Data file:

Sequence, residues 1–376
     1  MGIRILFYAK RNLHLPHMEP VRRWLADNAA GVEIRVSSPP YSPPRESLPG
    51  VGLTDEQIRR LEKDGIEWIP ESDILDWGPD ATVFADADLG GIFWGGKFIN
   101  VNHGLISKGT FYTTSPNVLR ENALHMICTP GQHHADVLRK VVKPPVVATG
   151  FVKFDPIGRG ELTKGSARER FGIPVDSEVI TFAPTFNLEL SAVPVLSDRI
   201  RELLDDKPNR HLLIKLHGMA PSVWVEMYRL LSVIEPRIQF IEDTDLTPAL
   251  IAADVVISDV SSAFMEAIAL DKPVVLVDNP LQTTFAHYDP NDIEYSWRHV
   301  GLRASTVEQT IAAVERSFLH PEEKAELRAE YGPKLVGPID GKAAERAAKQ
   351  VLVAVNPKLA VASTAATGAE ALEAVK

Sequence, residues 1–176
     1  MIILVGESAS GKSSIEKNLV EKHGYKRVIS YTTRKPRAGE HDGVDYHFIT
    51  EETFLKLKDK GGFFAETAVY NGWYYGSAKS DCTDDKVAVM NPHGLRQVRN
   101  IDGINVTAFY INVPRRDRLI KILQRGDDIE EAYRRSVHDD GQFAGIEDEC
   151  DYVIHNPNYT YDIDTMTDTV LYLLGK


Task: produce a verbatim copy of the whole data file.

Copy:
Sequence, residues 1–376
     1  MGIRILFYAK RNLHLPHMEP VRRWLADNAA GVEIRVSSPP YSPPRESLPG
    51  VGLTDEQIRR LEKDGIEWIP ESDILDWGPD ATVFADADLG GIFWGGKFIN
   101  VNHGLISKGT FYTTSPNVLR ENALHMICTP GQHHADVLRK VVKPPVVATG
   151  FVKFDPIGRG ELTKGSARER FGIPVDSEVI TFAPTFNLEL SAVPVLSDRI
   201  RELLDDKPNR HLLIKLHGMA PSVWVEMYRL LSVIEPRIQF IEDTDLTPAL
   251  IAADVVISDV SSAFMEAIAL DKPVVLVDNP LQTTFAHYDP NDIEYSWRHV
   301  GLRASTVEQT IAAVERSFLH PEEKAELRAE YGPKLVGPID GKAAERAAKQ
   351  VLVAVNPKLA VASTAATGAE ALEAVK

Sequence, residues 1–176
     1  MIILVGESAS GKSSIEKNLV EKHGYKRVIS YTTRKPRAGE HDGVDYHFIT
    51  EETFLKLKDK GGFFAETAVY NGWYYGSAKS DCTDDKVAVM NPHGLRQVRN
   101  IDGINVTAFY INVPRRDRLI KILQRGDDIE EAYRRSVHDD GQFAGIEDEC
   151  DYVIHNPNYT YDIDTMTDTV LYLLGK